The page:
I’ve had a couple of questions about this in the last few months so I wanted to provide some information on what’s happening with Workflow 3.5 and what’s this silly limit for the maximum complexity – and worse yet, how did I hit it?
So making a long story short, Workflow 3.5 compiles the XOML that SharePoint Designer generates into a DLL. When that DLL is called there’s a method that creates the workflow object graph. When it’s doing this it pushes a bunch of “stuff” on to the stack. If it pushes too much on the stack we get a stack overflow. How much of the “stuff” does it take? It depends. However, at 10,000 items it gets tight. If we get a stack overflow it dumps the thread and aborts – which is, of course, a bad thing. So SharePoint put a limit in for the maximum number of items that can be in a workflow for SharePoint to ask for it to be compiled. That number is 7,000 by default but can be adjusted. (Caveat emptor)
So what is this “stuff” of which I speak? Well according to a good source, it’s activities, bindings, variables, and rule-references. Note I said activities, not actions. If you’ve seen one of my workflow presentations you’re used to me creating a simple workflow with just an approval action and then importing it into Visual Studio to find 315 activities. All total, there’s roughly 1,000 activities, bindings, variables, and rule-references in a single “approval” action in SharePoint Designer. So clearly if you did eight different “approvals” in a single workflow you’d exceed the default limit. This also applies for custom task processes.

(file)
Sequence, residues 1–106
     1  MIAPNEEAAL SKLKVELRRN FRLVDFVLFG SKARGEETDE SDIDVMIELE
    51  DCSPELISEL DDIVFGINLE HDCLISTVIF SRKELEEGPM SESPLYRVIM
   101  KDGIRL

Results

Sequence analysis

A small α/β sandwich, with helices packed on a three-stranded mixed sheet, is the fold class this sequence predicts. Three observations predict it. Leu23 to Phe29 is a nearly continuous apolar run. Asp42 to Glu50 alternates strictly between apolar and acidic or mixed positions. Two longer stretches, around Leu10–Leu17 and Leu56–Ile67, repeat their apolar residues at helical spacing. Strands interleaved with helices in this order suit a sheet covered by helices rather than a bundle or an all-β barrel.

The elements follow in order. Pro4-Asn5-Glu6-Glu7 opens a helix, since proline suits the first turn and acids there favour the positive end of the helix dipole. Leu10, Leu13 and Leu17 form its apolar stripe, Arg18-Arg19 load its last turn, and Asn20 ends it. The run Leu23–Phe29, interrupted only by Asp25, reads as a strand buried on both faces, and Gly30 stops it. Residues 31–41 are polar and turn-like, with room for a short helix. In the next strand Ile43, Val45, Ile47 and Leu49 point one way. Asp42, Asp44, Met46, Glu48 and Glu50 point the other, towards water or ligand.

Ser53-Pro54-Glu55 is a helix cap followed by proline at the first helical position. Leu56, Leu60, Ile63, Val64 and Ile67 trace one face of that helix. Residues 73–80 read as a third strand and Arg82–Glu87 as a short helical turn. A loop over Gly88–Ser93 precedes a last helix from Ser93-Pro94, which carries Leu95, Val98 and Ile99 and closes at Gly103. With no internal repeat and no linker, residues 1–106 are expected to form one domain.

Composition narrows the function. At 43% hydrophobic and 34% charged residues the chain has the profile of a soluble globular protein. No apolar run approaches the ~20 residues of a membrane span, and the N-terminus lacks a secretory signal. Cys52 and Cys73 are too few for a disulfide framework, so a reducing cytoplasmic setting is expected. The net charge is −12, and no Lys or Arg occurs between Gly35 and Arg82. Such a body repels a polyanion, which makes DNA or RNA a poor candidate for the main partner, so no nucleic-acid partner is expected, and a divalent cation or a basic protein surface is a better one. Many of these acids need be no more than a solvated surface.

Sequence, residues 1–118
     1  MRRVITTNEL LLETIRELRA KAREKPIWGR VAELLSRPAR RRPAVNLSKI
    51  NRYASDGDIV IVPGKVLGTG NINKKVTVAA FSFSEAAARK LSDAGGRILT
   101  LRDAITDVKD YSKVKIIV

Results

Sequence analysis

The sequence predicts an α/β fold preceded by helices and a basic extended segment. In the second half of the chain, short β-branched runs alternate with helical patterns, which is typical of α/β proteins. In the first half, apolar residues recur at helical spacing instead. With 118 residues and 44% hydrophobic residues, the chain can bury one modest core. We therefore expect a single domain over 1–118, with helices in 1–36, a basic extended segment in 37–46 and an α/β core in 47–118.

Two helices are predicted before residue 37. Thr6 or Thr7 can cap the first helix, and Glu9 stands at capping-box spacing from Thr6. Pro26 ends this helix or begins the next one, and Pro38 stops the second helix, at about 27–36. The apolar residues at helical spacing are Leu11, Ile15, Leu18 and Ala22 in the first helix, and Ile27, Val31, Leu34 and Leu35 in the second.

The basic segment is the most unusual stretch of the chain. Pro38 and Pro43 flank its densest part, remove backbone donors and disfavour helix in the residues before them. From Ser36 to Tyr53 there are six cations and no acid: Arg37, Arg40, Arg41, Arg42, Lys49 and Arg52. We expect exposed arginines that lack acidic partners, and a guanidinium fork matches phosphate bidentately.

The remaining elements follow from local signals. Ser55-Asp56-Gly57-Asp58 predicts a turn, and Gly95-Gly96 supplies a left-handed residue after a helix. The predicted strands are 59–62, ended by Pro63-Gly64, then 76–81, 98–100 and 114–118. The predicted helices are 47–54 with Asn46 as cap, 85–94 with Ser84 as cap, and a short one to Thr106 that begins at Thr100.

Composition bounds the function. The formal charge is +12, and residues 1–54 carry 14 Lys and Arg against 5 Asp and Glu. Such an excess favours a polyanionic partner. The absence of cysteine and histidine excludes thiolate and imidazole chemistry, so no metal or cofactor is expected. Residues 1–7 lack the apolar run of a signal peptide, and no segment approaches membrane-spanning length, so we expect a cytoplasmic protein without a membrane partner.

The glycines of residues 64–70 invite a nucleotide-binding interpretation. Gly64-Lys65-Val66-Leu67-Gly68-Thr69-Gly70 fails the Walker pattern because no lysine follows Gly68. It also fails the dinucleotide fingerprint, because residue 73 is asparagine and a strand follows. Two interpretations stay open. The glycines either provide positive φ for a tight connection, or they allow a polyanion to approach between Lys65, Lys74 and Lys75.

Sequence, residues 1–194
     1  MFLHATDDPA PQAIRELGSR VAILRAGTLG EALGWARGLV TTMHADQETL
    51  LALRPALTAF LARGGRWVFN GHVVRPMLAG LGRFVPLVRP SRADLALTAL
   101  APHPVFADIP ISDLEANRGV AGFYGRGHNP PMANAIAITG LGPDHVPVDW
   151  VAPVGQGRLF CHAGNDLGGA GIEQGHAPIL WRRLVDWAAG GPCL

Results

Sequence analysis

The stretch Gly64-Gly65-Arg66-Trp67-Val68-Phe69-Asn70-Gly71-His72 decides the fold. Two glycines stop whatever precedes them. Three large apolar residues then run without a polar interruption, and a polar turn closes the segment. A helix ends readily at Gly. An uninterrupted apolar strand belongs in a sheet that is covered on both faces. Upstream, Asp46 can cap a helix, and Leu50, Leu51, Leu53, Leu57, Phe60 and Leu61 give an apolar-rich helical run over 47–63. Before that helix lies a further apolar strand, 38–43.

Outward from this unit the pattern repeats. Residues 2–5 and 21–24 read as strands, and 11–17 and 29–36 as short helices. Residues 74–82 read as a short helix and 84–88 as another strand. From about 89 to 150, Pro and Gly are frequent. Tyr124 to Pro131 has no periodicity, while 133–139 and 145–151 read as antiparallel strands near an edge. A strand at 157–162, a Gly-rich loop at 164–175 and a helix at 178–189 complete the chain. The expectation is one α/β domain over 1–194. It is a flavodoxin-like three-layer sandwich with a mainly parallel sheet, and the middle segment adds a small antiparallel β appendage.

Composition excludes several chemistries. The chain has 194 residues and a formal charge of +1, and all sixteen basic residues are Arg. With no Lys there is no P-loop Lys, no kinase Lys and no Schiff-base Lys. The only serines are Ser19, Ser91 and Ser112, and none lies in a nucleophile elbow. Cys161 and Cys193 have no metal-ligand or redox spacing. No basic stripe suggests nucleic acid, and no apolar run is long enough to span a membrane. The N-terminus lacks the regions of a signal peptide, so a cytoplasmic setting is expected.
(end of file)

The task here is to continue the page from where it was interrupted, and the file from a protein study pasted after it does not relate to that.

I’m assured that you can get multiple approvals to work inside of a single “approval” activity – but it’s not as easy as plunking down another activity task – so it’s not impossible to do eight-level approvals with SharePoint Designer, it’s just that it gets more challenging.
If you do “need” to change the value of UserDefinedWorkflowMaximumComplexity – it’s a property on the web application. (Have I encouraged you not to do it yet?)